THE SUNDAY STORY A person who reaches the age of 60 in India can now expect to live for more than another 15 years. But many cannot afford to take life easy in their old age.
“Among the most urgent concerns of older persons worldwide is income security,” notes a recently released report of the United Nations Population Fund. Their health, it pointed out, was another major concern.
“In the past, traditional social values and religious observances used to be quite supportive of the elderly in many developing countries,” said S. Irudaya Rajan, a demographer at the Centre for Development Studies in Thiruvananthapuram, in a book on social security. “Today, however, economic change, the disappearance of the joint family system and increased mobility are drastically eroding the support base of the elderly. At the same time, institutional arrangements catering to the needs of these people have been few and their coverage limited.”
A person who reaches the age of 60 in India can now expect to live for more than another 15 years. But many cannot afford to take life easy in their old age.
According to Dr. Rajan and E.T. Mathew, 56 per cent of men and 55 per cent of women continue to work beyond 60. (The proportion is higher in rural areas.) Even at 80 years and more, 20 per cent of men and 13 per cent of women are still working. This, they point out, is “due to lack of social safety nets and high levels of poverty.”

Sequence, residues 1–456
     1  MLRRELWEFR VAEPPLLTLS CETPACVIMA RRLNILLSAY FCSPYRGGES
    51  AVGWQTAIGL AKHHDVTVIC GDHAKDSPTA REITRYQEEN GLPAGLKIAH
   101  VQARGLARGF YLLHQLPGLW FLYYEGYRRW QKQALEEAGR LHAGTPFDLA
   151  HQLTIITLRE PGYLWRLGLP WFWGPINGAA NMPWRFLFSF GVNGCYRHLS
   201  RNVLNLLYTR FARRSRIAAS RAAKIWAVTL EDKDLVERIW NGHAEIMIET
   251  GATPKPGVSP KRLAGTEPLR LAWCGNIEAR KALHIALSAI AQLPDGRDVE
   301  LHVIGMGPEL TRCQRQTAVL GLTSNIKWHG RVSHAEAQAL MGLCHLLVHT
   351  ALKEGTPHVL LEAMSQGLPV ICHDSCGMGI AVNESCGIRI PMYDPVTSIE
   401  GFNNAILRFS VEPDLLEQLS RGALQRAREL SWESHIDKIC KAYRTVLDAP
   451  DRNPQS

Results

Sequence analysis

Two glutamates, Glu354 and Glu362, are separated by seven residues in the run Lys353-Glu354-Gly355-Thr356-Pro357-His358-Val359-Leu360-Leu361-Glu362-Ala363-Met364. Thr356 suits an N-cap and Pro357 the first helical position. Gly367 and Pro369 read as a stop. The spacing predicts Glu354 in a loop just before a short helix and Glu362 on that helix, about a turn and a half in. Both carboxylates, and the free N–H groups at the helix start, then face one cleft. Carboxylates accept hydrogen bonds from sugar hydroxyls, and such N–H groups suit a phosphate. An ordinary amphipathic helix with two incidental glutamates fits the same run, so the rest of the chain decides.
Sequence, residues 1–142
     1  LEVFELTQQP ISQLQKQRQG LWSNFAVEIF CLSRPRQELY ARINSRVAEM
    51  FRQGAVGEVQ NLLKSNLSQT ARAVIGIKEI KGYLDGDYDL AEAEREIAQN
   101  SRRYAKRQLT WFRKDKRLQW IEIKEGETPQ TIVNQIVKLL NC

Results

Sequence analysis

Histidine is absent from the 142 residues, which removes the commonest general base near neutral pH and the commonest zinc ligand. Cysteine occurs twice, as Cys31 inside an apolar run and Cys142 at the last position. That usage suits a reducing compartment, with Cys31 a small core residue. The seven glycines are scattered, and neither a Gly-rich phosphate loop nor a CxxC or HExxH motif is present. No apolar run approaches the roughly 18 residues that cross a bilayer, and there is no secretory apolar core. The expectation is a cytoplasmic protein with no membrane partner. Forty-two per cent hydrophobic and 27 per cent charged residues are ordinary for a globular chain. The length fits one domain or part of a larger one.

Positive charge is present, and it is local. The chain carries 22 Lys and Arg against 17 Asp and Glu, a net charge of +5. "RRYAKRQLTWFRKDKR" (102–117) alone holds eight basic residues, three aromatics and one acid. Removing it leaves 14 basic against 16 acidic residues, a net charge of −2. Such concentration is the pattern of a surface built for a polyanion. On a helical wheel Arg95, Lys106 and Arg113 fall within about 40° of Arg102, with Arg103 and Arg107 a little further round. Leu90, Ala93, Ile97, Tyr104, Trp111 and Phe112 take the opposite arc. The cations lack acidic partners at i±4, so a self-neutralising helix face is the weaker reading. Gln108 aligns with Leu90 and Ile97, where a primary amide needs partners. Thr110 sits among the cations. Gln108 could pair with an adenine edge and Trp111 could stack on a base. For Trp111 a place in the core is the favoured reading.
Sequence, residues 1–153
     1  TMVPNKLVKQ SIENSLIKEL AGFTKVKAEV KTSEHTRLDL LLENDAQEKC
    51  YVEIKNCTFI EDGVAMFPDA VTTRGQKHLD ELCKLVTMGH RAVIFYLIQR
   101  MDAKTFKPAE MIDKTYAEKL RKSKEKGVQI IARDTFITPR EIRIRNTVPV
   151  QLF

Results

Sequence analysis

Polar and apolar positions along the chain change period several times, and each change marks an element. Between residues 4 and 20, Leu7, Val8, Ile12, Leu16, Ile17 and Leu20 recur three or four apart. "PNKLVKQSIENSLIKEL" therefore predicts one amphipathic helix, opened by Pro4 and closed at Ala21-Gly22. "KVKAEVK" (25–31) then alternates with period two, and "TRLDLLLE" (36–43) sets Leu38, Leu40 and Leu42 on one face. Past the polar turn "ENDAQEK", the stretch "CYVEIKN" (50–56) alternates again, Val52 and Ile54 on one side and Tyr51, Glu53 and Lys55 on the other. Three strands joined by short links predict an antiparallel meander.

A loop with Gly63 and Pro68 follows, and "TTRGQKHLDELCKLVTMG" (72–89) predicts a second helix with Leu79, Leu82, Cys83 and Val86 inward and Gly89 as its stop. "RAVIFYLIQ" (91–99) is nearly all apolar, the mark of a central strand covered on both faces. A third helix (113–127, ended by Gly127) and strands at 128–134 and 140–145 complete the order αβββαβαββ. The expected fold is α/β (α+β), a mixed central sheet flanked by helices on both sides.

Only 8 per cent of India’s labour force of about 460 million is covered by any kind of social security provided by the employer, such as pensions, provident fund and gratuity, says K.P. Kannan. He was a member of the National Commission for Enterprises in the Unorganised Sector, which submitted its first report in May 2006.
There is no such safety net for those in the unorganised sector, which employs 84 per cent of the workforce and accounts for half the country’s GDP.
Besides, half of those employed even in the organised sector as gardeners, drivers, cleaners and the like do not enjoy such benefits.
The Commission recommended in 2006 that the Union government establish a National Social Security Scheme to provide a minimum level of health, old age and accident benefits. The State governments could, if they wished, provide additional coverage. But the government chose to create only a health insurance scheme covering those below the poverty line and some limited groups of workers
Kerala, which began its demographic transition earlier, had put in place social security schemes that covered 70 per cent of the workers in the unorganised sector, said Dr. Kannan. In the face of aging populations, there would probably be pressure in other States for similar measures.